"A fleck of gray or a receding forehead, a sprouting of pimples or smelly underarm odors, these begin to take on meaning beyond the immediate condition of changing age; they connect us with ancestors who used these organs with the pride of newly-gained identity. Someone with a long nose or short height is wearing a badge of ancestral social strategy—like an organic coat-of-arms from a distant family tree tatooed into one’s soul and skin. Such a badge gives us a deeper tradition of kinship than any of us can trace by oral or written genealogies. For somewhere in our background were our ancestors who possessed a bald pate or were diminutive and had other peculiarities like ourselves; they shared the evolutionary cream of their time and participated more fully in life’s processes—or else you wouldn’t look the way you do today.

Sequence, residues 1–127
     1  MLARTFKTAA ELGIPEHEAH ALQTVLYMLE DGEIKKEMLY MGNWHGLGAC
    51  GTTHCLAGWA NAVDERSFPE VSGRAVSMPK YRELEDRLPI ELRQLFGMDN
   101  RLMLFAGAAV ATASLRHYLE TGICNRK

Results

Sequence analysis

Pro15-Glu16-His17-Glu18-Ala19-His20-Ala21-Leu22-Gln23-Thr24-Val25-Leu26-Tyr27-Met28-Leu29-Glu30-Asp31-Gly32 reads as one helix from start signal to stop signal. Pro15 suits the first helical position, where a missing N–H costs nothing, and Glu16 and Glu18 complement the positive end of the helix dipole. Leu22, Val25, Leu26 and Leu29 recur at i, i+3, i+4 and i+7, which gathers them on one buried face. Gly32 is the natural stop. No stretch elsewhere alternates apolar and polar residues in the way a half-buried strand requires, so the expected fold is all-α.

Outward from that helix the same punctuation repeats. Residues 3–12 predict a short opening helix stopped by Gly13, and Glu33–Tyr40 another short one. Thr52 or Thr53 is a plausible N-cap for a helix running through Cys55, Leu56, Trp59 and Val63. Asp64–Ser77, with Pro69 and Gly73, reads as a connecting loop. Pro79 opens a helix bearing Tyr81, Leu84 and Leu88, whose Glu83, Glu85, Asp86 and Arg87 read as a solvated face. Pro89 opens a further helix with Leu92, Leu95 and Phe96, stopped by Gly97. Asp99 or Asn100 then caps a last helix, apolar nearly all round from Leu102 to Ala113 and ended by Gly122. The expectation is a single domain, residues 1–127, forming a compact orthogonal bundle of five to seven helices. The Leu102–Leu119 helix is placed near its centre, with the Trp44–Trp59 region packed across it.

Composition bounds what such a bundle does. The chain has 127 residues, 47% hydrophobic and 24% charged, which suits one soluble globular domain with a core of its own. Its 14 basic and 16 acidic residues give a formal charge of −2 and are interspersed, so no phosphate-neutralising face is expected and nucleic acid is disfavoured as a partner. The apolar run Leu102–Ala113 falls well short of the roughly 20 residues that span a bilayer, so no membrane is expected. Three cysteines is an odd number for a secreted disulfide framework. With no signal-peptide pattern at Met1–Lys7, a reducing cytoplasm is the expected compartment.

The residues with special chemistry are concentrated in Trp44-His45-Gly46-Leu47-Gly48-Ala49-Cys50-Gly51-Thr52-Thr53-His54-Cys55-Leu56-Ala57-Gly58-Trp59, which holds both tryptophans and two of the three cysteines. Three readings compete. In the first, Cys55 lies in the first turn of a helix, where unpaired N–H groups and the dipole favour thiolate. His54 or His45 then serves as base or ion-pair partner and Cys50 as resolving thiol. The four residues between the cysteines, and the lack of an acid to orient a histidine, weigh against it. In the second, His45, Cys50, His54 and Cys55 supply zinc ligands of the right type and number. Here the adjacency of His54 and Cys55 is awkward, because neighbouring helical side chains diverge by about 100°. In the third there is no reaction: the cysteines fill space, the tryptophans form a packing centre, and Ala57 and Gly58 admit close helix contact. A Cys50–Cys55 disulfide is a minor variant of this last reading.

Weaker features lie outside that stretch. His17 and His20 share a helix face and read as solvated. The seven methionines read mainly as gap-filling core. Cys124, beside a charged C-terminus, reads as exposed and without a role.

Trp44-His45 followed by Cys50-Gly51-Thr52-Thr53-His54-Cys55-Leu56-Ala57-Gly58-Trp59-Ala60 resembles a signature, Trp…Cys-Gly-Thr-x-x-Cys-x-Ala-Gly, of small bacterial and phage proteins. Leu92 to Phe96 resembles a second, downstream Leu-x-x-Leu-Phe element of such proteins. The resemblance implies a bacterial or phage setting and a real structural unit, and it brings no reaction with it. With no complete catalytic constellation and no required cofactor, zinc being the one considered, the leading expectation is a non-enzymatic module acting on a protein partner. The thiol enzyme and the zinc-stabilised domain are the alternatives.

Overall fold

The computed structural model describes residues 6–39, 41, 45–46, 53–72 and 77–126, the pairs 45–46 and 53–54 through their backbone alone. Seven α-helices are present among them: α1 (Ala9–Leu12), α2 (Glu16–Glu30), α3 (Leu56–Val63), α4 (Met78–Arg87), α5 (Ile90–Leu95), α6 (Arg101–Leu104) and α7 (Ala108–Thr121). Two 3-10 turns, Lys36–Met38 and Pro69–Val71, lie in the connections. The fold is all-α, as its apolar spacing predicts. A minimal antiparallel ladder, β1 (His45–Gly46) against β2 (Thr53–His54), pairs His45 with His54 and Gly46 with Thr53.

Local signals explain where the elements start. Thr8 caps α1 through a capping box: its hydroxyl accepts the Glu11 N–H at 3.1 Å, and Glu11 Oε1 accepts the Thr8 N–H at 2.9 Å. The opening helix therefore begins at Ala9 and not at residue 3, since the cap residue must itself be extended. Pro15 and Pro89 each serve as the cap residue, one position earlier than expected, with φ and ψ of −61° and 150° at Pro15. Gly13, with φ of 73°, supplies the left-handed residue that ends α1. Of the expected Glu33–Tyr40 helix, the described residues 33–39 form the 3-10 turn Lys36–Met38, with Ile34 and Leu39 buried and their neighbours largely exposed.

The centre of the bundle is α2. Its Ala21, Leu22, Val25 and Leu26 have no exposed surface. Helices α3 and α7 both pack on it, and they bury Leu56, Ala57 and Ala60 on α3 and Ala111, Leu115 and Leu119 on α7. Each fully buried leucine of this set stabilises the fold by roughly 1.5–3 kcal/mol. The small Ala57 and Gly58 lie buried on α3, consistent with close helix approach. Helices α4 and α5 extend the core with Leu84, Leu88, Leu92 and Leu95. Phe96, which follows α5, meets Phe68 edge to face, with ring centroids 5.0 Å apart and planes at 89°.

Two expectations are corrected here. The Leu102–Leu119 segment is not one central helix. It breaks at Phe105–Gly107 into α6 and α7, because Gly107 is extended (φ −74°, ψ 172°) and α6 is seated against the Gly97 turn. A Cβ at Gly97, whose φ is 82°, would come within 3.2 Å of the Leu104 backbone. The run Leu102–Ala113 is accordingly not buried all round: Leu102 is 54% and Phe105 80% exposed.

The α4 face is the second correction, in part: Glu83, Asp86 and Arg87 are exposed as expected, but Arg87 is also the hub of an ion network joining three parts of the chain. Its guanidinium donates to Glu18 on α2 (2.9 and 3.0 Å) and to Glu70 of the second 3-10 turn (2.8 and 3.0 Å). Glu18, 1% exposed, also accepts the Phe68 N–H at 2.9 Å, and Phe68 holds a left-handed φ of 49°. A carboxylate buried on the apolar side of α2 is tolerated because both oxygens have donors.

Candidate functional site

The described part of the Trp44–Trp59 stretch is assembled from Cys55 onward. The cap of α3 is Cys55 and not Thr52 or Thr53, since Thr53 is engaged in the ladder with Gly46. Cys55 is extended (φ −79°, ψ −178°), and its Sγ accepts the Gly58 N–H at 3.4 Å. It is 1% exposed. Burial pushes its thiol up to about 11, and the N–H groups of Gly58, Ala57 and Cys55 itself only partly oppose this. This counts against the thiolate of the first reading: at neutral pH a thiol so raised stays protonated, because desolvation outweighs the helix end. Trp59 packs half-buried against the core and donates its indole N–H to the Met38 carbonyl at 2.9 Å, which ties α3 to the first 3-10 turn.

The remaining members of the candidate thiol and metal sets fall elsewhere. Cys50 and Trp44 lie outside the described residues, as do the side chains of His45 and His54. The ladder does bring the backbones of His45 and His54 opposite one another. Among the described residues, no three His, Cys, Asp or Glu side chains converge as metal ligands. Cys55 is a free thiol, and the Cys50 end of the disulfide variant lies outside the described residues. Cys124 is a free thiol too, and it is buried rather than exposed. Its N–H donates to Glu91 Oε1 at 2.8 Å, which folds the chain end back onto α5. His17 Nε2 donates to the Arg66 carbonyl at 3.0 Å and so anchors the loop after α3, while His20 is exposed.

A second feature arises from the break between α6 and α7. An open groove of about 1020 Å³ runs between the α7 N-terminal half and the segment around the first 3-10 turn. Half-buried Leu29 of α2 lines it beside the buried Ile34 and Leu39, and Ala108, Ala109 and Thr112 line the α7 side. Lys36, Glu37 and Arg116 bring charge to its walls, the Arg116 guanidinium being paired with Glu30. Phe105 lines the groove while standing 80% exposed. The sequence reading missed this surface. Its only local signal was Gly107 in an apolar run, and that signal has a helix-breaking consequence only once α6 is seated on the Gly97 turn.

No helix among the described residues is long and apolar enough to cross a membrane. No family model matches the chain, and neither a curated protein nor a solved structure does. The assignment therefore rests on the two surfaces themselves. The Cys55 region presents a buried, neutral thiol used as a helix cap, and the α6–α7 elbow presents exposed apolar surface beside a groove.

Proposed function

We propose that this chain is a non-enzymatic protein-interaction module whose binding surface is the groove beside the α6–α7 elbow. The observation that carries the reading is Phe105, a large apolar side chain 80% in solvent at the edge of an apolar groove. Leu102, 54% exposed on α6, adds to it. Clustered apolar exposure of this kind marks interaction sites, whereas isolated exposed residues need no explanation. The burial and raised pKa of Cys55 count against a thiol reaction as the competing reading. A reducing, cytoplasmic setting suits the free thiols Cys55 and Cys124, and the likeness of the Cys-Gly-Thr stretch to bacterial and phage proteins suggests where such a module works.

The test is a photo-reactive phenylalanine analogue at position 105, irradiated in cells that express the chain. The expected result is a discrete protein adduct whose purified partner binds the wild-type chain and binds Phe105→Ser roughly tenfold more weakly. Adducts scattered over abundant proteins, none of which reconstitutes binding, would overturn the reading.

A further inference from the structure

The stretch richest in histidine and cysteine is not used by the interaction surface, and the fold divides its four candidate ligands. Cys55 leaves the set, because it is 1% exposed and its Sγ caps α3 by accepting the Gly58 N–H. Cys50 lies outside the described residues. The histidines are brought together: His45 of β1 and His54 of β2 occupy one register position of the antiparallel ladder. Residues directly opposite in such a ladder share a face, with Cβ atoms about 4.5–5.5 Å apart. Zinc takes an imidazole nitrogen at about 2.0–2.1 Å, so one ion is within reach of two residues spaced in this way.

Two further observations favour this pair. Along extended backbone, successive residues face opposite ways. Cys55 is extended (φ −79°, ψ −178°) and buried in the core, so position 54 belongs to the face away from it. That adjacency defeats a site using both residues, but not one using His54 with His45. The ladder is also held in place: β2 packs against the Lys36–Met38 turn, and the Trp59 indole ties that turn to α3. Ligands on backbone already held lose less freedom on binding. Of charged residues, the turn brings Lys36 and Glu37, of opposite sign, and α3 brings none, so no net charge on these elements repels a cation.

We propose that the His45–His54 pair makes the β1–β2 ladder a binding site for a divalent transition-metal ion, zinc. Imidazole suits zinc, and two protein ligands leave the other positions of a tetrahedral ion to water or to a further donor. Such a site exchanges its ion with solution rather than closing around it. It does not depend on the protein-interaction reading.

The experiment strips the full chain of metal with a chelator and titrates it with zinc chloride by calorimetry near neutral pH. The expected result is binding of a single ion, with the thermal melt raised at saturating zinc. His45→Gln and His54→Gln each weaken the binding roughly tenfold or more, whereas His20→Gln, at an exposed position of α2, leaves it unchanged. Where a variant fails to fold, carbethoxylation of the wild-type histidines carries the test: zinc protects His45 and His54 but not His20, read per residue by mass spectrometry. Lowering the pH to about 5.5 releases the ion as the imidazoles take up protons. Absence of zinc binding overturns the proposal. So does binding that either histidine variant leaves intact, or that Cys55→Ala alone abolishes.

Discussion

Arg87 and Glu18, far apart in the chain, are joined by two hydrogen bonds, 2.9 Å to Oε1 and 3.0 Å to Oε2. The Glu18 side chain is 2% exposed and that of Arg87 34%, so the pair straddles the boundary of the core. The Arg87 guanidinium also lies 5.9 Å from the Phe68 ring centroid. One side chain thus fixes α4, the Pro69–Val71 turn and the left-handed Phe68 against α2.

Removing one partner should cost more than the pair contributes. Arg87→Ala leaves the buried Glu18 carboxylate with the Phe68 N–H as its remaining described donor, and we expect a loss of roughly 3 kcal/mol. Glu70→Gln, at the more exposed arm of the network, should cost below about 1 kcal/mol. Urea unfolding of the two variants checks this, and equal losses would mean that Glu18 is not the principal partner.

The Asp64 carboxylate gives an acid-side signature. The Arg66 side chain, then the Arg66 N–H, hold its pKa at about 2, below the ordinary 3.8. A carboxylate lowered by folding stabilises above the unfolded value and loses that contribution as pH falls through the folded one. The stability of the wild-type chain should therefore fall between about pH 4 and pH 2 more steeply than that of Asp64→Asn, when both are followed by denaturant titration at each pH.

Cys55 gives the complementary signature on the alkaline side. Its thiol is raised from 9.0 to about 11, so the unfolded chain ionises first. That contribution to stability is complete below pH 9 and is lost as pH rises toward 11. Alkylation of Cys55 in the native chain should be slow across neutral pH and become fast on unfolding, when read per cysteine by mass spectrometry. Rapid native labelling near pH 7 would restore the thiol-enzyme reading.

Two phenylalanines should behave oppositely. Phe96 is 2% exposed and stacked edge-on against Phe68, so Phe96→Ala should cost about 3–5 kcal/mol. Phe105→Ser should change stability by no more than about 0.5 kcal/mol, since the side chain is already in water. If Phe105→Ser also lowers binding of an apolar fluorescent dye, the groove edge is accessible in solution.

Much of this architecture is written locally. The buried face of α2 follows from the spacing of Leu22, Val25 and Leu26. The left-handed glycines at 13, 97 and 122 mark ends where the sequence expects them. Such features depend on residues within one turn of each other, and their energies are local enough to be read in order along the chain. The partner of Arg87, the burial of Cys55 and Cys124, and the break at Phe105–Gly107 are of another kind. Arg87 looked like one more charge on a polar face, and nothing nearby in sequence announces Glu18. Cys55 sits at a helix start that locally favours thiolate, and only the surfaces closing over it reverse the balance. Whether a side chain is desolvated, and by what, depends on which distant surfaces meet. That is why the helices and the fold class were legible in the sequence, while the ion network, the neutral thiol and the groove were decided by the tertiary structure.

The explanation of why you have those particular social organs, which so immensely affect your life, is somewhat unsatisfying if you only know the immediate genetic answer—’your parents carried these genes here, and…’ It’s like someone who is black asking Why? It isn’t good enough to know that you are black because your kinfolk were black. The explanation of the evolutionary why is more satisfying—because you belonged to a distant noble group who once used black skin, as the Scots used their red beards, as status symbols. And that ancient tradition is genetically fixed into your soul.”
—Guthrie, “Body Hotspots”
*Not merely “Aesthetics” but “Organics,” or how organs mean and why. A social anatomy or biosemiotics. Note how “comparative ethology” is just a secular way of saying “totemism.”